donderdag 30 juli 2009
Learning and teaching
The proces of learning things interests me much, part because of my occupation, but also as a shakuhachi player. What is the right way to learn it? and is there one right way? On the shakuhachi festival in Leiden it was special to experience different teaching style's. Some more strict, some loose, some above you and some besides you, so to speak. Personally I like to informal style of teachers and I use that mostly in my work as well. But sometimes a more srict or direct approach is essential.
What is learning? Forcing your master experience or knowledge upon someone else? Or is it stimulating the inherent personal potential? Does one has to be tought to play like him\herself or like the teacher? Well I believe this difference in style of teaching had a lot to do with culture and 'the way it is' done in a given time. None is best perhaps, each has its merits. Well I can't say that I like being shouted at or scolded during a lesson, which can happen in Japan, I heared. I believe in a more humane appoach which is fortunately more common in the west.
Maybe the 'best' way is the way which brings you the closest to your goals and desires. It all depends on your desires then! For learning the flute I believe the 'west' is a good place: there are less strict rules, no playing forced in one school en more options of various teaching ways. As well many resources are available on the net. Mr. Kurahashi told me that playing Dai Kan notes was highly uncommon in Japan some time ago, it wasn't tought or tried. Only few did it. Now he told Dai Kan was a sound a beginner could make, so the pace has probably gone up on the learning curve. The most hard thing to do can't be speeded: getting a personal full tone.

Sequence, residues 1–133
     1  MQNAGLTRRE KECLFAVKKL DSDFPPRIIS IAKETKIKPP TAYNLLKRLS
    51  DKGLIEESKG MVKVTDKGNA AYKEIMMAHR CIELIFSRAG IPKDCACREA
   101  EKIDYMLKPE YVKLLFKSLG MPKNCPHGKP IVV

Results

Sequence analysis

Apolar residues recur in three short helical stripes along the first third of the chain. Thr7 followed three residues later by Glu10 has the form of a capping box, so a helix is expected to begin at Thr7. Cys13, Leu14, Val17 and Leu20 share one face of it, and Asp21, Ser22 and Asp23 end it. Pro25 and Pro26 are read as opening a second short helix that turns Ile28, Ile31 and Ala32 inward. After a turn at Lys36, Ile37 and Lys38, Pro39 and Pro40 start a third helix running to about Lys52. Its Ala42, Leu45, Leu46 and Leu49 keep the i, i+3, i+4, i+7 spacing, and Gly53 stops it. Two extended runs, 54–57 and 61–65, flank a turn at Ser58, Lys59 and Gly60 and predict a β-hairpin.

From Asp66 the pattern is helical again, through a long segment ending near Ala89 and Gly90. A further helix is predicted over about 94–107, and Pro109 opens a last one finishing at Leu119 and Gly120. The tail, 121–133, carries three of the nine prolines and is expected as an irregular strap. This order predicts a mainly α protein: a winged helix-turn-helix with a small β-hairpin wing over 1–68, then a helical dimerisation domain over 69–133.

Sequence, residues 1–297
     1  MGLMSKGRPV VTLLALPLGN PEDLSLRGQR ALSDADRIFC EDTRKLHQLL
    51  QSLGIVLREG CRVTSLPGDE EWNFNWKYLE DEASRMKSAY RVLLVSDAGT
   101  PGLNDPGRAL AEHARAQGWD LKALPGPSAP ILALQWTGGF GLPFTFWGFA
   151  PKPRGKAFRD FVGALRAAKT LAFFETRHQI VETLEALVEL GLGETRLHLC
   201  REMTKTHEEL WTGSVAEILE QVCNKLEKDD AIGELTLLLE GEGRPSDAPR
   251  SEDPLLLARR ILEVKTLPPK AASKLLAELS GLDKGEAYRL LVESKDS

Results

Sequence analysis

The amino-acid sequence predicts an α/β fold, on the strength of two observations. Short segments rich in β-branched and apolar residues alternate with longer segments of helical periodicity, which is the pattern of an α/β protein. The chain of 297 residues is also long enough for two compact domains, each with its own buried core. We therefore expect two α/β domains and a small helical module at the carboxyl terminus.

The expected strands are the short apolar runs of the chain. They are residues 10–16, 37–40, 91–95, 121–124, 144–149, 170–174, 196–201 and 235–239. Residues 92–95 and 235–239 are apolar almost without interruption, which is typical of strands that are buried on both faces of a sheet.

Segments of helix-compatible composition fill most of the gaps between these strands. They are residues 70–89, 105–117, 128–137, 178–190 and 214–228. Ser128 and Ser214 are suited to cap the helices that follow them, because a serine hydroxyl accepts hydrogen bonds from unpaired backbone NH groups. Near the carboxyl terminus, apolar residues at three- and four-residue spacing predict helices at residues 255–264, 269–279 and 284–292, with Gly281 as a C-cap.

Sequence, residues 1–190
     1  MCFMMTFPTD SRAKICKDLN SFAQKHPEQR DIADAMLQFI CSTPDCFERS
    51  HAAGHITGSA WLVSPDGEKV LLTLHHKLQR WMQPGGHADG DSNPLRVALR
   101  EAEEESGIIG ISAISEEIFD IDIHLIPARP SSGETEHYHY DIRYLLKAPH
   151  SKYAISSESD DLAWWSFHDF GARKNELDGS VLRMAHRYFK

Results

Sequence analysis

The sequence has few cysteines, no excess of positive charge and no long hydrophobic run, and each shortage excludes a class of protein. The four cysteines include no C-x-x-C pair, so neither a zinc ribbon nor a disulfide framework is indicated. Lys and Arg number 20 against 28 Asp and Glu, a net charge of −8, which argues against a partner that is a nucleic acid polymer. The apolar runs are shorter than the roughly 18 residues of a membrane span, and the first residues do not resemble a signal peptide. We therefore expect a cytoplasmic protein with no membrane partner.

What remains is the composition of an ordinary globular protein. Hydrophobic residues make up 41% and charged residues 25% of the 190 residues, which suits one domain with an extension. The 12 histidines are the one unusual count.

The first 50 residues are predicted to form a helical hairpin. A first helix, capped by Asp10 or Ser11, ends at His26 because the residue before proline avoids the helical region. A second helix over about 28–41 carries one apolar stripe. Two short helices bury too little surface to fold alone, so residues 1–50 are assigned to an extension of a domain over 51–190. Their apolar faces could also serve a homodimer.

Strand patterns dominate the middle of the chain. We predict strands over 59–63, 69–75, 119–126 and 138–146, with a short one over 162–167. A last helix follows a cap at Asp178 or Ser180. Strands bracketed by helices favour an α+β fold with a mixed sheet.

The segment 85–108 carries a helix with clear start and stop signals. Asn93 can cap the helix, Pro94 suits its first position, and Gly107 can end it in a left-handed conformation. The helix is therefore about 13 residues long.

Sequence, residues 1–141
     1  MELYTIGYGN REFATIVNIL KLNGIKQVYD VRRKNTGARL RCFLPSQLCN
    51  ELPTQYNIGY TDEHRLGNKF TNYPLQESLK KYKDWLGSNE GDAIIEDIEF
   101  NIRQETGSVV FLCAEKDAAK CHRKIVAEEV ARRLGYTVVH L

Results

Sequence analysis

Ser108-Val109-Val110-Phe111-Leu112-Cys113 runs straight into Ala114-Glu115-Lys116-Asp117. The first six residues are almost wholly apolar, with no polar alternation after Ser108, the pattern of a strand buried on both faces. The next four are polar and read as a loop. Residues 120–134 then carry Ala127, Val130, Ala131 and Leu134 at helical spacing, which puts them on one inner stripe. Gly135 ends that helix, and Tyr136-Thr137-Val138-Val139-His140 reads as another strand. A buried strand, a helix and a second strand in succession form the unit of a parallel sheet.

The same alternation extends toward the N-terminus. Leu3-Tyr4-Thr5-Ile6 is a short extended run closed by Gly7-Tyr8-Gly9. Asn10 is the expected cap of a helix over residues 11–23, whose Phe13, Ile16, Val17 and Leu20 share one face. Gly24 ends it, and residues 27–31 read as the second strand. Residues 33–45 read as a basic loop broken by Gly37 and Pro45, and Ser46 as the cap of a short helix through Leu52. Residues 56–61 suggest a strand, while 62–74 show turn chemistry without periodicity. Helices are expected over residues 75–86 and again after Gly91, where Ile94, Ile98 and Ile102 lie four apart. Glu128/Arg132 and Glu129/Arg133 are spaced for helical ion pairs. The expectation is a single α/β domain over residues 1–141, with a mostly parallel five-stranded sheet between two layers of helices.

Kurahashi playing Kyorei (part of concert)
One good lesson was Kurahashi told: do no forget your beginners sound when getting better. It is the soft, breathy tone and is pretty!